The `frab`

package allows one to “add” tables in a natural
way. It also furnishes an alternative interpretation of named vectors
wherein addition is defined using the (unique) names as the primary key.
Support for multi-dimensional tables is included. The underlying
mathematical object is the Free Abelian group. To cite in publications
please use R. K. S. Hankin 2023. “The free Abelian group in R: the frab
package”, arXiv, https://arxiv.org/abs/2307.13184.

The package has two S4 classes: `frab`

and
`sparsetable`

. Class `frab`

is for one-dimensional
tables and is an alternative implementation of named vectors; class
`sparsetable`

handles multi-way tables in a natural way.

`frab`

Primary construction function `frab()`

takes a named
vector and returns a `frab`

object:

```
suppressMessages(library("frab"))
<- c(x=1,b=2,a=2,b=3,c=7,x=-1)
p frab(p)
#> A frab object with entries
#> a b c
#> 2 5 7
```

Above, we see from the return value that function `frab()`

has reordered the labels of its argument, calculated the value for entry
`b`

[as

```
p#> x b a b c x
#> 1 2 2 3 7 -1
```

Above we see `p`

might correspond to a story: “look, we
have one `x`

, two `b`

s, two `a`

s,
another three `b`

s, seven `c`

s…oh hang on that
`x`

was a mistake I had better subtract one now”. However,
the package’s most useful feature is the overloaded definition of
addition:

```
<- rfrab())
(x #> A frab object with entries
#> a b c d g i
#> 3 6 1 5 7 5
<- rfrab())
(y #> A frab object with entries
#> a b c d e f i
#> 4 4 1 1 8 5 2
+y
x#> A frab object with entries
#> a b c d e f g i
#> 7 10 2 6 8 5 7 7
```

Above we see function `rfrab()`

used to generate a random
`frab`

object, corresponding to a table. It is
*possible* to add `x`

and `y`

directly:

```
<- as.namedvector(x)
xn <- as.namedvector(y)
yn table(c(rep(names(xn),times=xn),rep(names(yn),times=yn)))
#>
#> a b c d e f g i
#> 7 10 2 6 8 5 7 7
```

but this is extremely inefficient and cannot deal with fractional (or indeed negative) entries.

Class `sparsetable`

deals with multi-way tables. Taking
three-way tables as an example:

```
<- rspar())
(x3 #> Jan Feb Mar val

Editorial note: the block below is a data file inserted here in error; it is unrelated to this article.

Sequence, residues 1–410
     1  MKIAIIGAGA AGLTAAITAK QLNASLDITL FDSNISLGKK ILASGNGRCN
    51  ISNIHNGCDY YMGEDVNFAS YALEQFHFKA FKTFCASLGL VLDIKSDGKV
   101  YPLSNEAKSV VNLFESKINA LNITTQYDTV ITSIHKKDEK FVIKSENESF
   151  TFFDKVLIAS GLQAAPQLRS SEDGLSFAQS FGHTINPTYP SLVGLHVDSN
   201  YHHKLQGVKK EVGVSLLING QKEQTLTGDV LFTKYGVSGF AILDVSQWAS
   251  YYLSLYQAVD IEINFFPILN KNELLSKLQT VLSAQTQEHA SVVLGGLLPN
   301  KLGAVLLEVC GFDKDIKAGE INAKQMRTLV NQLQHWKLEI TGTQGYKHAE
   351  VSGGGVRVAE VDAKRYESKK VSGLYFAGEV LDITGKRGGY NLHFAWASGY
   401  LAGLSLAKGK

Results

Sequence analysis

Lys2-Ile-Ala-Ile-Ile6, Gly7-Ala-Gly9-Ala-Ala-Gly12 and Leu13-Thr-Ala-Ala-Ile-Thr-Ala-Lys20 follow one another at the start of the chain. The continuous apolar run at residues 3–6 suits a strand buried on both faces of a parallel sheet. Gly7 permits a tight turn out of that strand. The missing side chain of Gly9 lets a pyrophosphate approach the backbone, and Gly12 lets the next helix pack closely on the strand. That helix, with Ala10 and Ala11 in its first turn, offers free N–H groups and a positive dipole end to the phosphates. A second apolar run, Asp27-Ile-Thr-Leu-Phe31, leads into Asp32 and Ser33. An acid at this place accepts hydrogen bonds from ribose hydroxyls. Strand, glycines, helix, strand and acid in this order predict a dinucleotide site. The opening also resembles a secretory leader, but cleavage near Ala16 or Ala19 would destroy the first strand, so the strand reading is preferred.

#> a a a = 10
#> a c b = 15
#> b a a = 11
#> b a b = 9
#> b a c = 12
#> b b a = 6
#> b b b = 3
#> b b c = 14
#> b c a = 9
#> b c c = 21
#> c c a = 10
```

Function `rspar()`

returns a random
`sparsetable`

object. We see that, of the

```
as.array(x3)
#> , , Mar = a
#>
#> Feb
#> Jan a b c
#> a 10 0 0
#> b 11 6 9
#> c 0 0 10
#>
#> , , Mar = b
#>
#> Feb
#> Jan a b c
#> a 0 0 15
#> b 9 3 0
#> c 0 0 0
#>
#> , , Mar = c
#>
#> Feb
#> Jan a b c
#> a 0 0 0
#> b 12 14 21
#> c 0 0 0
```

In this case it is hardly worth taking advantage of the sparse
representation (which is largely inherited from the `spray`

package) but a larger example might be

```
rspar(n=4,l=10,d=12)
#> Jan Feb Mar Apr May Jun Jul Aug Sep Oct Nov Dec val
#> b c j e f j f a g i a d = 1
#> g a j e c f e c a f g c = 4
#> j b j g h c d c c b b i = 2
#> j j h h a a i f c h g h = 3
```

The random `sparsetable`

object shown above would require

```
<- rspar()
y3 +y3
x3#> Jan Feb Mar val
#> a a a = 10
#> a a b = 14
#> a b a = 4
#> a c a = 14
#> a c b = 15
#> b a a = 11
#> b a b = 23
#> b a c = 12
#> b b a = 17
#> b b b = 13
#> b b c = 23
#> b c a = 9
#> b c b = 7
#> b c c = 24
#> c a a = 15
#> c c a = 15
#> c c c = 14
```

Two-way tables are something of a special case, having their own
print method. By default, two-dimensional `sparsetable`

objects are coerced to a matrix before printing, but otherwise operate
in the same way as the multi-dimensional case discussed above:

```
<- rspar2())
(x2 #> bar
#> foo A B D E F
#> a 3 20 0 0 9
#> b 0 0 15 0 0
#> c 0 0 0 4 0
#> d 0 0 0 5 22
#> e 0 2 0 11 29
<- rspar2())
(y2 #> bar
#> foo A C D E F
#> a 9 0 25 6 10
#> b 7 0 0 0 1
#> c 0 0 0 11 0
#> d 8 5 0 4 0
#> e 0 3 2 0 0
#> f 0 0 14 0 15
+y2
x2#> bar
#> foo A B C D E F
#> a 12 20 0 25 6 19
#> b 7 0 0 15 0 1
#> c 0 0 0 0 15 0
#> d 8 0 5 0 9 22
#> e 0 2 3 2 11 29
#> f 0 0 0 14 0 15
```

Above, note how the sizes of the coerced matrices are different (

For more detail, see the package vignette

`vignette("frab")`

- R. K. S. Hankin 2023. “The free Abelian group in
`R`

: the`frab`

package”, arXiv, https://arxiv.org/abs/2307.13184. - R. K. S. Hankin 2022. “Disordered vectors in
`R`

: introducing the`disordR`

package”, arXiv, https://arxiv.org/abs/2210.03856